atw 2018-04v6


atw Vol. 63 (2018) | Issue 4 ı April

| | Fig. 4.

HTHL TRACE Nodalization.

the development of RELAP starting

with next year.

TRACE has been designed to perform

best-estimate analyses of loss- ofcoolant

accidents (LOCAs), operational

transients, and other accident

scenarios in pressurized light-water

reactors (PWRs) and boiling lightwater

reactors (BWRs). It can also

model phenomena occurring in

experimental facilities designed to

simulate transients in reactor systems.

Models used include multidimensional

two-phase flow, none quilibrium

thermo-dynamics, generalized heat

transfer, reflood, level tracking, and

reactor kinetics. In addition, TRACE is

able to simulate several other coolants

such as helium and water in subcooled

condition and atmospheric pressure

(LVR-15 conditions). [7], [8]

For this reason, TRACE code was

selected and used for the simulation in

the Helium at 7 MPa with a temperature

rise from 200 °C up to 900 °C

(nominal parameters for HTHL). The

correlation adopted for simulating the

heat transfer from heat structures to

the helium coolant and vice versa

implemented in TRACE are Gnielinsky

and El Genk [7-9].

3.3 Codes assessment

The code assessment was done by

benchmarking of the codes with

available experimental results done in

different facilities around the world.

One of the most important steps

was selecting the code that can

perform the heat transfer calculation

under the high temperature He or

SCW conditions along with adequate

correlations [10], [11]. In the case of

ATHLET, the code was carefully assed

and benchmarked with experimental

results of a project coordinated by

IAEA [6] for steady state and with

Chinese SWAMUP facility [12] for

| | Fig. 5.

SCWL ATHLET Nodalization.

the transition from supercritical to

subcritical condition.

The aim of this analyses was to

simulate the deterioration phenomenon

[9] of heat transfer with fluid

transiting between subcritical and

supercritical condition. According to

Ref. [6], Mokry, Gupta and Watts-

Chou correlations show acceptable

prediction capabilities of the Heat

Transfer Coefficient (HTC). Both our

analyses and IAEA CRP program

concluded that an uncertainty for

calculating HTC is about ±25% while

the calculating wall temperature was

between ±10 to 15 %. As a result of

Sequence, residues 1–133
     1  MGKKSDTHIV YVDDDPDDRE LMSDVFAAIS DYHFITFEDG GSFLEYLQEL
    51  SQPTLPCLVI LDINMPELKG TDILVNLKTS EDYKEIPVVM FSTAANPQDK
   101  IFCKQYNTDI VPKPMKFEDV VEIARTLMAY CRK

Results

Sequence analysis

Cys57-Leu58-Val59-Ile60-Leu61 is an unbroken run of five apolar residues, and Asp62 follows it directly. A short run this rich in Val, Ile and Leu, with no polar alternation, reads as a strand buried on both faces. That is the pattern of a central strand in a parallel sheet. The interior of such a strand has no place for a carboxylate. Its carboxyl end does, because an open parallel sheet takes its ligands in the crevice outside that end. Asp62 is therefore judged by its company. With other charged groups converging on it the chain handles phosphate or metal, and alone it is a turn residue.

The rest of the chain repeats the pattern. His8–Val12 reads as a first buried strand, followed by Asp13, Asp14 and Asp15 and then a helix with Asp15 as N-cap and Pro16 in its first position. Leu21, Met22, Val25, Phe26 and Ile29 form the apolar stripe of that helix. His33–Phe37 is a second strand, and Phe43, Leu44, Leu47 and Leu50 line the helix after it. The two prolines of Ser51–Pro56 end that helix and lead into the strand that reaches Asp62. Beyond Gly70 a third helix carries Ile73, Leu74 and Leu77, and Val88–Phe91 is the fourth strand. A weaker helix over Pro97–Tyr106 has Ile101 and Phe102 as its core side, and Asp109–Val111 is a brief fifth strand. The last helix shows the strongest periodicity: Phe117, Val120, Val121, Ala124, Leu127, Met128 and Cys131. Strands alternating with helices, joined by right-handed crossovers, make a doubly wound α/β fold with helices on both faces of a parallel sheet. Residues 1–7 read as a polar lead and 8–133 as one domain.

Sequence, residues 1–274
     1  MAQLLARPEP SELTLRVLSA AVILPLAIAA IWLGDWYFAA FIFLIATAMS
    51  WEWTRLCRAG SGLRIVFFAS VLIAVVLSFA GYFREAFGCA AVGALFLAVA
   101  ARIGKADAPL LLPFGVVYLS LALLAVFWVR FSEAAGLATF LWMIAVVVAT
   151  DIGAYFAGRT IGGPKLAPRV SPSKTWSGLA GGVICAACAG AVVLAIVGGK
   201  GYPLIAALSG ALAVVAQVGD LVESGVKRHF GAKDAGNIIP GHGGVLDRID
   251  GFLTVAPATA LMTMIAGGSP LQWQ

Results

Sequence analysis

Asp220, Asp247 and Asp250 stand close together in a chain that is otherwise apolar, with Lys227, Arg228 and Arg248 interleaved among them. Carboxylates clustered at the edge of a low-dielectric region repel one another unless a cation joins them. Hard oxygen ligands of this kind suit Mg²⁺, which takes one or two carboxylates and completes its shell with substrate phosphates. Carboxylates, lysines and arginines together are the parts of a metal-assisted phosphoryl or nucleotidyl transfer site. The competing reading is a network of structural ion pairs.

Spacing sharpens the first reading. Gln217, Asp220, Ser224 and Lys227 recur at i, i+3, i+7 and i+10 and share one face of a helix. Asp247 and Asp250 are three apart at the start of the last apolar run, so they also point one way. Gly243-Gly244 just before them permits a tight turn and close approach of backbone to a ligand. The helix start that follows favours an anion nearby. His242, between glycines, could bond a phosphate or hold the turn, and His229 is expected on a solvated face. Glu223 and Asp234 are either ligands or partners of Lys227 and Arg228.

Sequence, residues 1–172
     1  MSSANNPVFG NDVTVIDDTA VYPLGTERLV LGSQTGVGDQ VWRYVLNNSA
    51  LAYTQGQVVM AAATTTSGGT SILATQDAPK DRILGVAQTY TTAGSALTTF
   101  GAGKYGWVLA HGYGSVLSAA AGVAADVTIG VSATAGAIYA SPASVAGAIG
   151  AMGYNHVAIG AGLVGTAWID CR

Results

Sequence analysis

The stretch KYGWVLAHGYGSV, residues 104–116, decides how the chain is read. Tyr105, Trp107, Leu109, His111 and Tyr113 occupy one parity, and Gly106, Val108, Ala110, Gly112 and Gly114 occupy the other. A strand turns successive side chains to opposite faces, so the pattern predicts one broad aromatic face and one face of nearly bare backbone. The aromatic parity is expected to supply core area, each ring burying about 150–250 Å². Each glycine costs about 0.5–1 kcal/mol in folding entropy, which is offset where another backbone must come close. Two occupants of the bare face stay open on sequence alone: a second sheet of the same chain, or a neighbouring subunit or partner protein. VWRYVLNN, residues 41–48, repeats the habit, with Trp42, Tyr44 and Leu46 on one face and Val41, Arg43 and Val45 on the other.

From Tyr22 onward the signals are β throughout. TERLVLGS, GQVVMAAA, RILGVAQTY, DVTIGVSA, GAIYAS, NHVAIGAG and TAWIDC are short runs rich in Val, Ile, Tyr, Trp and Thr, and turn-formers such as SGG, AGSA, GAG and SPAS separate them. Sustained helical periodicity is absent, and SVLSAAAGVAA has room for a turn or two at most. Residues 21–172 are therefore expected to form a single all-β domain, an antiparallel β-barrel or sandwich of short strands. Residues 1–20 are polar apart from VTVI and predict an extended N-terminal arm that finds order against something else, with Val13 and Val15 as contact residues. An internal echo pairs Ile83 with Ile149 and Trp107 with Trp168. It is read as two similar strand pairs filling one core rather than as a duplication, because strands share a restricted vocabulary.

this exercise, the code certification

was obtained from SONS (State of

Office for Nuclear Safety) in March

2017 for using the code in simulating


The TRACE assessment was done

with the data available from the

project GoFastR [13] financed by the

EC in the Framework Program 7, in

particular with data related to the

HE-FUS3 facility [14], [15]. The

facility operational parameters are

similar to the HTHL.

The TRACE HE-FUS3 thermal hydraulic

model was developed and

compared with experimental data

from steady state loop operation and

selected transients. The comparison

showed that the TRACE T/H model

can simulate the helium temperatures

as well as the piping wall temperatures

along the different sections

of the facility accurately. After a sensitivity

analysis, the electrical heater

power has been lowered to 10.76 kW.

The certification for TRACE code was

obtained from SONS in December

2016 by CVŘ for simulating water in

PWR condition, sub-cooled water at

atmospheric pressure (such as LVR-15

operational condition) and helium

behaviour in the range of 7 MPa for a

temperature range between 200 to

900 °C. [16]

3.4 Model description for


The HTHL and SCWL are similar

experimental facilities characterized

by 2 steps upward and downward

flows, although some major differences

exist in the design. In particular,

the HTHL active channel contains

all necessary components for heat

transfer inside except of the compressor

and the main compensator, which

are located in the chemical control

system. The Figure 4 shows the

TRACE nodalization containing simulated


The SCWL is different in such way

that it needs some extra components

larger than the HTHL to help the sub

critical water to become gas. For this

reason additional axillary facilities,

such as a recuperator, cooler, pump,

compensator and other 4 sections of

electrical heater are located in a

different building along with the

chemical control system.

The ATHET SCWL loop model

shown in Figure 5 is focused mainly

on the active channel from inlet to

outlet, although all the previous

components are also simulated as a

part of the primary and the secondary

circuits. In addition to the primary

and the secondary circuits of the

SCWL, there is the third open loop

representing the active channel position

into the LVR-15 core and providing

additional heat transfer between

active channel and reactor coolant.

3.5 Analysed Scenarios

The planned in-pile operation of both

loops requires an amendment of the

LVR-15 Final Safety Report providing

thermohydraulic and structural integrity

analyses during normal operation


Operation and New Build

Experimental and Analytical Tools for Safety Research of GEN IV Reactors ı G. Mazzini, M. Kyncl, Alis Musa and M. Ruscak

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